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Dodo Collections brings you another classic from Arnold Bennett, ‘"The Title: A Comedy in Three Acts."’
Set against the backdrop of World War I, this play is a rollicking send-up of Britain’s class system and its growing absurdity in the heady period of democratization that began to transpire in the early twentieth century. When mild-mannered protagonist Culver finds out that he is entitled to a formal honor (i.e., a title), he begins to reconsider the age-old hierarchy and all that it entails.
Enoch Arnold Bennett (always known as Arnold Bennett) was one of the most remarkable literary figures of his time, a product of the English Potteries that he made famous as the Five Towns. Yet he could hardly wait to escape his home town, and he did so by the sheer force of his ambition to succeed as an author. In his time he turned his hand to every kind of writing, but he will be remembered for such novels as The Old Wives’ Tale, the Clayhanger trilogy (Clayhanger, Hilda Lessways, and These Twain), and The Card. He also wrote such intriguing self-improvement books as Literary Taste, How To Live on 24 Hours a Day, The Human Machine, etc.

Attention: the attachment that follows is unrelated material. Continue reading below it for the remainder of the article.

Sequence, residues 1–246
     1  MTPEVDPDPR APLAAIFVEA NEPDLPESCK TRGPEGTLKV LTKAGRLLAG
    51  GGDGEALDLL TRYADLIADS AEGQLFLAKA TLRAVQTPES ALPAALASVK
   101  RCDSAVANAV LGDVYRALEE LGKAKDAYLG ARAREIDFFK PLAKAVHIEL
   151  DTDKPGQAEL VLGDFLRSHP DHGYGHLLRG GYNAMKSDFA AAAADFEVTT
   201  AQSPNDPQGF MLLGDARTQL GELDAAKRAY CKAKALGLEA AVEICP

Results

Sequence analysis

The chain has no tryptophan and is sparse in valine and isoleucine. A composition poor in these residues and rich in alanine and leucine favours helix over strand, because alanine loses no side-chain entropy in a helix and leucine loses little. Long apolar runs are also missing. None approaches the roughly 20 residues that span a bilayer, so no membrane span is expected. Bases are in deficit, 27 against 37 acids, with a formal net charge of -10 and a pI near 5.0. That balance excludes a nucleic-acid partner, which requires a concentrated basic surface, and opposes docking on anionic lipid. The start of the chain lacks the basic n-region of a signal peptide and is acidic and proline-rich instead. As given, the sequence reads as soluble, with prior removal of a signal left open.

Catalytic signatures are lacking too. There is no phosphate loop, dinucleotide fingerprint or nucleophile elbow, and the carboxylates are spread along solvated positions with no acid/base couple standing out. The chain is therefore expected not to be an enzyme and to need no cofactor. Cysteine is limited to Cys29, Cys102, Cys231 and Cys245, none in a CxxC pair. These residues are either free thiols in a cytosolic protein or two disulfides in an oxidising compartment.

After a local education Bennett finished his education at the University of London and for a time was editor of Woman magazine. After 1900 he devoted himself entirely to writing; dramatic criticism was one of his foremost interests. Bennett is best known, however, for his novels, several of which were written during his residence in France.
Bennett’s infancy was spent in genteel poverty, which gave way to prosperity as his father succeeded as a solicitor. From this provincial background he became a novelist.
His enduring fame is as a Chronicler of the Potteries towns, the setting and inspiration of some of his most famous and enduring literary work and the place where he grew up.

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